An estimated 97 million people are expected to be out in full force to shop this Black Friday, hoping to cash in on the year’s best deals. But are they really just being ripped off?
CINCINNATI -- An estimated 97 million people are expected to be out in full force to shop this Black Friday, hoping to cash in on the year’s best deals.
But are they really just being ripped off?
Black Friday shines bright when it comes to holiday shopping. Weeks, sometimes even months before the big day, retailers will release a catalog of deals that make the mouths of consumers water.
But retail-industry veterans tell The Wall Street Journal (WSJ) most of those bargains are actually carefully engineered illusions.
Most shoppers assume retailers stock up on goods and then mark down the ones that don't sell, taking a hit to their profits. But if you think that, you’re wrong in most cases.
Instead, WSJ reports many big retailers set starting prices that, after all the markdowns, will give them the profit margins they want.
For example, that blue cashmere sweater on sale for more than 50 percent off at $89.99 was never meant to sell at its $179.99 starting price. It was designed with that discount built in.
To prove this theory of “retail theater,” WSJ cites stats from Savings.com, a website that tracks online coupons.
According to the site, the number of deals offered by 31 major department stores and apparel retailers increased 63 percent between 2009 to 2012. And the average discount jumped from 25 percent to 36 percent.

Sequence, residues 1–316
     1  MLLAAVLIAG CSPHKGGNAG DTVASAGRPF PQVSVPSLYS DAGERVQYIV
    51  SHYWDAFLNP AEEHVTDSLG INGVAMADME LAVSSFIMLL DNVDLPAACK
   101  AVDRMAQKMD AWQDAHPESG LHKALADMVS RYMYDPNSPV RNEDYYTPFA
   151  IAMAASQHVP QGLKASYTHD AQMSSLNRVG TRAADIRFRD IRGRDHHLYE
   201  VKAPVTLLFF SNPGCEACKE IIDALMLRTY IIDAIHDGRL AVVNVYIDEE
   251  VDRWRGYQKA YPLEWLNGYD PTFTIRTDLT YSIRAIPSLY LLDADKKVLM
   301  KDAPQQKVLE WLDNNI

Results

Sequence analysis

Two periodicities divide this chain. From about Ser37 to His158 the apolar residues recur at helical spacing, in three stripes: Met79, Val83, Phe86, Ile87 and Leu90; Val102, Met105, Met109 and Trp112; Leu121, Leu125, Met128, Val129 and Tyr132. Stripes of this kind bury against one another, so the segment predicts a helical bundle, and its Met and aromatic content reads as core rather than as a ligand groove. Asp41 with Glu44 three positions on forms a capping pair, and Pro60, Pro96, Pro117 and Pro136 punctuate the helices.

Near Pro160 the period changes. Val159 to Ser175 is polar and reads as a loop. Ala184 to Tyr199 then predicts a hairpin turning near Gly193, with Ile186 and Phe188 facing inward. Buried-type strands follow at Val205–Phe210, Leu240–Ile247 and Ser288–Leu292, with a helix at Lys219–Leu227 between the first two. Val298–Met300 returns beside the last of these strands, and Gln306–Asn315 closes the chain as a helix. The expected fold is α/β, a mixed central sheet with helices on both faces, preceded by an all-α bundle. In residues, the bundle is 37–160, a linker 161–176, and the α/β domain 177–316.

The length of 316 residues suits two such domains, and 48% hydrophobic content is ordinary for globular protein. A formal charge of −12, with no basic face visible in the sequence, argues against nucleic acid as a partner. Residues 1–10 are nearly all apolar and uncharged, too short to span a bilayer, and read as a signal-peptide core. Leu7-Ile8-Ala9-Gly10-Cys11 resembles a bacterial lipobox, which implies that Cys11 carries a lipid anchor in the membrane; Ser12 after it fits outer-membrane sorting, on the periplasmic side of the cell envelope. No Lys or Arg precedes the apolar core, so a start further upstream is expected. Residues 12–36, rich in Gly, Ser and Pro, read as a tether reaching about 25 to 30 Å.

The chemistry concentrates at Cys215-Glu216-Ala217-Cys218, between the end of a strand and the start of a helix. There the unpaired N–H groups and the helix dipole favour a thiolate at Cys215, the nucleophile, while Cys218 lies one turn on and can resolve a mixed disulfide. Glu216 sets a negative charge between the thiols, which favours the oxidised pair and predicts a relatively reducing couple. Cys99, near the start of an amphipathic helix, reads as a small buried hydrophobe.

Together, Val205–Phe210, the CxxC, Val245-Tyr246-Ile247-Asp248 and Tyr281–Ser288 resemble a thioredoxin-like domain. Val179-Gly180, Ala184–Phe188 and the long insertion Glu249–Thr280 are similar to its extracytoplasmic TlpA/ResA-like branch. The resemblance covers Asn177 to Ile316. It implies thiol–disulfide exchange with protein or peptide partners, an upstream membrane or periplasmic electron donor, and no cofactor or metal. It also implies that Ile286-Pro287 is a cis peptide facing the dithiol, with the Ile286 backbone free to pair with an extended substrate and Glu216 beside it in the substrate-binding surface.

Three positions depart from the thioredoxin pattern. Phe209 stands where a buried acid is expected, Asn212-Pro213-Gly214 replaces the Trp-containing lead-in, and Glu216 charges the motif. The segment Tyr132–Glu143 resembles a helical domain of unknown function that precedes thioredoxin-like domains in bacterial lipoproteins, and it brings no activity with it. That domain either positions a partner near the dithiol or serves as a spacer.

Over that same period, the gross margins of the same retailers – the difference between what they paid for goods and the price at which they sold them – remained the same at 27.9 percent, meaning these bargains you thought you were getting are really just a fantasy.
Another example cited by WSJ is a 60-inch Samsung HDTV being sold by Amazon.com in its 2013 Holiday Gift Guide. The TV is selling at a 45 percent discount to its list price of $1,799.99. But, according to Decide.com, a price-tracking firm owned by eBay Inc., the TV hasn't sold for anywhere near that list price in months.
WSJ reports the most it has sold for in the past eight months is $1,297.85 – and as recently as October, it was priced at $997.99, about the same as its current sale price.
And the worst tactic used by giant retailers before the biggest shopping day of the year? Raising prices.
Yes, you read that right. The prices are actually going up.
The trick involves raising selling prices ahead of the holidays before the discounts roll in.
In a WSJ analysis – which looked at the online price fluctuations of 1,743 products in November 2012 – prices climbed an average of 8 percent in the weeks leading up to Thanksgiving for about a fifth of the products being monitored. These items were then discounted on Black Friday.
Toys and tools had the biggest pre-Black Friday price increases – about 23 percent.
To read the full analysis, click here.
To see our full Black Friday guide, click here